The majority of banks will require you to have an EIN number and present corporation formation documents before opening an account. When choosing a bank for a business account, the most important metrics to keep in mind are transaction fees, savings/checking interest rates, the minimum deposit required, and interest rates for lines of credit.
To help you make this difficult choice, we’ve gathered a selection of the best business accounts to consider as a small business corporation.
|Bank name||Minimum amount to open an account||Interest rates for savings and checking||Interest rates for lines of credit||Transaction fees||Early termination fees||Minimum account balance fees|
|Bank of America||$20000||0.02%||3%-4%||Excess transactions (checks paid/other debits/ deposited items)|
• No fee for first 200, then 45¢ per item
• No Excess Transaction Fee for debit card transactions, electronic debits, and checks deposited through Mobile Check Deposit, Bank of America ATM, or Remote Deposit Online.Deposit tickets
• No feeCash Deposit Processing Fee• No fee for first $7,500, then 30¢ per $100
|The only fee charged is an early termination fee of $450 if you close your account within three years.||$16.00To avoid the Monthly Fee, meet one of the following requirements during each banking statement cycle:|
• Maintain a $5,000 combined average monthly balance*.
• Use your Bank of America business debit card to make at least $250 in new net qualified purchases**.
• Become a member of Preferred Rewards for Business (first 4 checking accounts per enrolled business).
|JPMorgan-Chase||$0||1.85% for the first 12 months, from 0.06% and 0.13% after||Determined by banking relationship, credit history, and collateral||Transaction Fees will not be charged for all electronic deposits and the first 250 debits and non-electronic deposits each statement cycle. There will be a Transaction Fee of $0.40 for each debit and non-electronic deposit above 250. Electronic deposits are deposits made via ATM, ACH, Wire and Chase QuickDeposit. The first $20,000 in cash deposits per month with no fee (standard cash deposit fees apply above $20,000).||During the first 60 days, you may, for any reason, cancel the service and return the scanner at no cost. After that, a cancellation fee of $250 applies if the service is discontinued prior to the end of the two-year contract term.||$15 or $0 Monthly Service Fee. There’s no Monthly Service Fee when any of the following are met each monthly statement period: $2,000 minimum daily balance.$2,000 in purchases on your Chase Ink Business Card(s)$2,000 in deposits from QuickAccept and/or other eligible Chase merchant services transactionsLink a Chase Private Client Checking Account|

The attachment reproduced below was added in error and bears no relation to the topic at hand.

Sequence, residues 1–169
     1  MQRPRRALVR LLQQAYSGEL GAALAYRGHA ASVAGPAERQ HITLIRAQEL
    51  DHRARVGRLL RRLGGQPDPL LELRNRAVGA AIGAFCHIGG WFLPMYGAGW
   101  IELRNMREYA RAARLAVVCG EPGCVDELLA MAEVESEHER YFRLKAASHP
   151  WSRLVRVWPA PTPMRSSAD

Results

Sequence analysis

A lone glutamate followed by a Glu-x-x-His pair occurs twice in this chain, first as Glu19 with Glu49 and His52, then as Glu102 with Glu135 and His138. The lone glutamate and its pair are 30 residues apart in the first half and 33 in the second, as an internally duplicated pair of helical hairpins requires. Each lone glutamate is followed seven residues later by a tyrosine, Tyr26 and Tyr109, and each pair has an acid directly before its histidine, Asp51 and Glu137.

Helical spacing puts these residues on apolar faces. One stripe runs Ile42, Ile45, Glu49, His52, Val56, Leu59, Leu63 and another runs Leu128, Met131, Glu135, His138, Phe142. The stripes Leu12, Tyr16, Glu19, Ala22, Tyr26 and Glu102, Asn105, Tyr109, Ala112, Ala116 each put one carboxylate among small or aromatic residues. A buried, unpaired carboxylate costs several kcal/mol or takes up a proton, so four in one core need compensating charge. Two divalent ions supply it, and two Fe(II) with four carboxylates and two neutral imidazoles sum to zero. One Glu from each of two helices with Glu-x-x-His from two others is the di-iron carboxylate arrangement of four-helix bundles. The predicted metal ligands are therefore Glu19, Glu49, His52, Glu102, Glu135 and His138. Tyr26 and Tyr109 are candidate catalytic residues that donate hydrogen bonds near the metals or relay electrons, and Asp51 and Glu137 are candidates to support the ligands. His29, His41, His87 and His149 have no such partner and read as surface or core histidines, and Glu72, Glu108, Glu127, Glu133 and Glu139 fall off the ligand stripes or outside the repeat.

|Wells Fargo||$25||0.01%||1.75% – 9.75%||Up to 100 fee-free transactions per month, then 50 cents per transaction after that.||$500 fee if you close your account within 3 years.||Monthly fee: $10, waived with a minimum daily balance of $500 or $1,000 average ledger balance.|
|Citibank/Citigroup||$1||Tiered, 0.50% on average||Variable, rate not disclosed||Up to 250 fee-free transactions per month, then 45 cents per transaction after that.||Not disclosed||$15, waived with an average monthly collected balance of $5,000.|
|U.S. Bank||$100||0.01%||Not disclosed has an interest-only payment option||125 free transactions per statement cycle; 50 cents for each additional transaction||Not disclosed||For Gold account: $10,000 average collected checking balance or $25,000 average collected checking balance on interest-bearing option|
After you’ve opened a business account, you’re actually ready to start conducting business and earning corporate income. After you went through this lengthy guide on how to start a corporation, you hopefully found out all there is to know about corporations, including their ins and outs.
Corporations are complex entities with complicated, drawn-out formation processes. Still, they make room for nearly infinite growth and come with valuable perks like personal liability protection and management delegation. While we have done our best to make this guide detailed and thorough, you always should consult professionals before embarking on the paperwork-heavy road towards incorporation.